Think and Grow Rich: Leadership Attributes

In Think and Grow Rich, Napoleon Hill, explains what he considers to be the major qualities all strong leaders must possess.  I outline these eleven characteristics below with my interpretation of what each means.  Before we get to that, I want to highlight a specific quote from the book which explains what I consider to be the most foundational quality of all leadership.  Hill writes, “Most great leaders began in the capacity of followers.  They became great leaders because they were intelligent followers.  With few exceptions, the man who cannot follow a leader intelligently, cannot become an efficient leader.  The man who can follow a leader most efficiently is usually the man who develops into leadership most rapidly.”

I believe the above statement 100%.  On multiple occasions, I’ve seen team members dismiss their leaders and act as poor followers.  Then when it’s their turn to step into a management or leadership role, they struggle because they are surprised that leadership is seldom black and white – it’s usually in varying shades of gray.  This is an interesting topic, but for now, let’s review Hill’s major attributes of leadership.

  • Unwavering courage based upon knowledge of self, and of one’s occupation – People must have confidence in their leader.  Without it, there is little or no confidence in the mission.  Intelligent followers will see this.  They may advise the leader to change, but ultimately they will seek other opportunities if the leader obviously lacks courage and understanding of himself and his position.  Once they leave, the team consists of a weak leader and poor followers.  At this point, it is doomed to failure.
  • Self-Control – This is based on the idea of leading by example.  If you cannot control yourself – including your emotions, responsibilities, schedule, and appetites – how can you be expected to control others.  If you show discipline for yourself, you set a strong example that some followers will emulate and your team will be further strengthened.
  • A keen sense of justice – When you act unfairly, resentment brews.  To retain the respect of your team you must be fair.
  • Definiteness of decision – This ties back to confidence as well.  Sticking with your decision is one of the most important ways to show confidence.  It is much more desirable for a leader to be consistent and change her mind slowly, than it is for her to flip flop with every bit of new information.  Lack of surety will lead to lack of success.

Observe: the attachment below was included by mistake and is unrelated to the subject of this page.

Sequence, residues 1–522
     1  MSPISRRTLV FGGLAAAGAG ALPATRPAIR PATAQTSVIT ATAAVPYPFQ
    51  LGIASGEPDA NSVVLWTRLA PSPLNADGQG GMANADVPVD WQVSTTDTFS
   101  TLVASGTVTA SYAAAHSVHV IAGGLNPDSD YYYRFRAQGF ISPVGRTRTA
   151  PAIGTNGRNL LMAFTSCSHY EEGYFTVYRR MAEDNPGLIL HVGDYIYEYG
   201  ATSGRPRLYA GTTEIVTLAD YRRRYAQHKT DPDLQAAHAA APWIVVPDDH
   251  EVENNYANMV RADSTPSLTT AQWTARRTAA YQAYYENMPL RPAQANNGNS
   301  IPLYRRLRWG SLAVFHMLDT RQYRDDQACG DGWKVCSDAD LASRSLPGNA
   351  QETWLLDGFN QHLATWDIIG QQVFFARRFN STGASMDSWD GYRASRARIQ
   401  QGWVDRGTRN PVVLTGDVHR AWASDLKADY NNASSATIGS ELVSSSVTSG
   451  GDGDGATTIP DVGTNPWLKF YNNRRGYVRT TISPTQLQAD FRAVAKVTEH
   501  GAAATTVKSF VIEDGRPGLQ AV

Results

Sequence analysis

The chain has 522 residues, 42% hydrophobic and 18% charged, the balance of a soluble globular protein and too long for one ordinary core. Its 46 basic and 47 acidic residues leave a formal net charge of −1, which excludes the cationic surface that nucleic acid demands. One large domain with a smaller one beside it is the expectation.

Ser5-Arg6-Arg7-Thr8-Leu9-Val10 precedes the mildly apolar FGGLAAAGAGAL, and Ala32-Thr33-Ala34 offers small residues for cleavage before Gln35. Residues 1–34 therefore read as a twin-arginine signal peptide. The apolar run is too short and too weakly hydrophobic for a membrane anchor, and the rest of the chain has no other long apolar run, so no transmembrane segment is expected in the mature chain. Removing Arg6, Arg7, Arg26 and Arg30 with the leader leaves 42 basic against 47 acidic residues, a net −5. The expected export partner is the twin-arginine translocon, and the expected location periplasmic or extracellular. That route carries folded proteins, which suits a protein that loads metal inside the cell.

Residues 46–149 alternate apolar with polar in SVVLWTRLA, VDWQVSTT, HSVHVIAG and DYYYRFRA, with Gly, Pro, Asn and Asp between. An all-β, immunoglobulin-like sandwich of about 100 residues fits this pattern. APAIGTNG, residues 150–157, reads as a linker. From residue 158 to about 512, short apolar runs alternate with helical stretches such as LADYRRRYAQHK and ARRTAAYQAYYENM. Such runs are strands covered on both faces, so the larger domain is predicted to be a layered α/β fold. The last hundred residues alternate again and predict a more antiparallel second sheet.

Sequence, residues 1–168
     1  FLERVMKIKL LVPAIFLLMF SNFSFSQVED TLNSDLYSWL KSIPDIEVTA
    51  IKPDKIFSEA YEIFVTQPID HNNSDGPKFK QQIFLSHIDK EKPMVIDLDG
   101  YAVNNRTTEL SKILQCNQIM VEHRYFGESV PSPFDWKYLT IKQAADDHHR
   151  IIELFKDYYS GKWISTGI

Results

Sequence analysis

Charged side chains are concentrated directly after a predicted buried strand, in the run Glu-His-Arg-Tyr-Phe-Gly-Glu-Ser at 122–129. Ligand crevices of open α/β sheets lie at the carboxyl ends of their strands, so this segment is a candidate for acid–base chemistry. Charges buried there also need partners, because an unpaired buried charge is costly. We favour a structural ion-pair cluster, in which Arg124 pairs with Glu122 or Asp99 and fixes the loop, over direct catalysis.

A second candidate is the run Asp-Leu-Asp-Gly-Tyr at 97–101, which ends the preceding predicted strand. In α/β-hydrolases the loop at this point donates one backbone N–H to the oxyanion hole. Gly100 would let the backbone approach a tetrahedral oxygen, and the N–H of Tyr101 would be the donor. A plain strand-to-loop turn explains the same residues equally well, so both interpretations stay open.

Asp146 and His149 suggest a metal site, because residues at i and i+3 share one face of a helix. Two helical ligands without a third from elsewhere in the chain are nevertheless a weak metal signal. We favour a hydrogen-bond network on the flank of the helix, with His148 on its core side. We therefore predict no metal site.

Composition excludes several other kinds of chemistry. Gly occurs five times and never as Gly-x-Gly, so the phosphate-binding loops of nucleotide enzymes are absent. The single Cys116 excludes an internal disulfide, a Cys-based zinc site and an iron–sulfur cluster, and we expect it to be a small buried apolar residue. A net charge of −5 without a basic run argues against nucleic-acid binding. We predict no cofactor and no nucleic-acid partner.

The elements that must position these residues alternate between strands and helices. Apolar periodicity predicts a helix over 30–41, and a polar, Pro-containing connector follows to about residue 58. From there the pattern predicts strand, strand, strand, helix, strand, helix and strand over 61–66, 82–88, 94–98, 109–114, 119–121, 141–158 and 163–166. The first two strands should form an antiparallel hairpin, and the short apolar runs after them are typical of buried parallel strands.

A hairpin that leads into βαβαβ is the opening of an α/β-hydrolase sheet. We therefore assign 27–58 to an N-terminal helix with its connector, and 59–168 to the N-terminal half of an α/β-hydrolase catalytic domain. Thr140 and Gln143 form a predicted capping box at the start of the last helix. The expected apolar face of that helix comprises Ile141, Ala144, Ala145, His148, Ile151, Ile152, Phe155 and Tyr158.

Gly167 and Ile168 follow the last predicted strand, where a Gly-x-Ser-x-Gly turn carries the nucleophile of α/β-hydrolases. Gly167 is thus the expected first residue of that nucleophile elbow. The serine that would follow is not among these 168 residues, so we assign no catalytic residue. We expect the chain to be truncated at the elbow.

• Definiteness of plans – Plans set the direction and tempo of the work to be done.  Hill writes, “The successful leaders must plan his work, and work his plan.”  Guesswork can land you at a dead-end or some other location you have no desire to be in.
  • The habit of doing more than paid for – Leaders must be prepared to do more than they require of their followers.  Furthermore they should build an entrepreneurial gap by adding more value at work than they were paid to do.
  • A pleasing personality – Simply put, it’s difficult to respect people you don’t like.  Since leadership calls for respect, leaders should have a naturally pleasing personality or should make efforts to become a more likable person if they are stiff or disheveled by nature.
  • Sympathy and understanding – Teamwork calls on people to work together, so it makes sense that a strong leader should be a “people person.”  In other words, he should care about his followers and have understanding for who they are and the problems they face both at home and in the workplace.
  • Mastery of detail – Organization and familiarity of a position’s finer responsibilities is important.  If a leader doesn’t stay apprised of the work that needs to be done and who will complete it, she may make careless mistakes.
  • Willingness to assume full responsibility – A leader is accountable for the mistakes and shortcomings of his team.  If a follower proves to be incompetent, the leader must consider that it is himself who failed.  It’s that simple.
  • Cooperation – As Hill puts it, “Leadership calls for power, and power calls for cooperation.”  Nothing gets done in a bubble, so it is imperative that leaders understand and apply principles of cooperative effort.

This concludes Hill’s list of the major attributes of leadership.  He goes on to explain that there are two types of leadership. The first is the most effective and this is based on the consent and sympathy of the followers.  The second is leadership by force.  Today, and for the purposes of business, my desire is to develop the above leadership characteristics because I believe in servant leadership.

Servant leadership is the approach that leaders are meant to serve the team’s they control by giving them the challenges, resources and understanding that helps them to thrive.  Leadership is a partnership between those “in charge” and those who follow, because the reality is that followers always hold the power since they deliver the change a leader envisions.

For those interested, I previously posted an overview of the major lessons given by Napoleon Hill in Think and Grow Rich.  This article was meant to highlight his observations on successful leaders.

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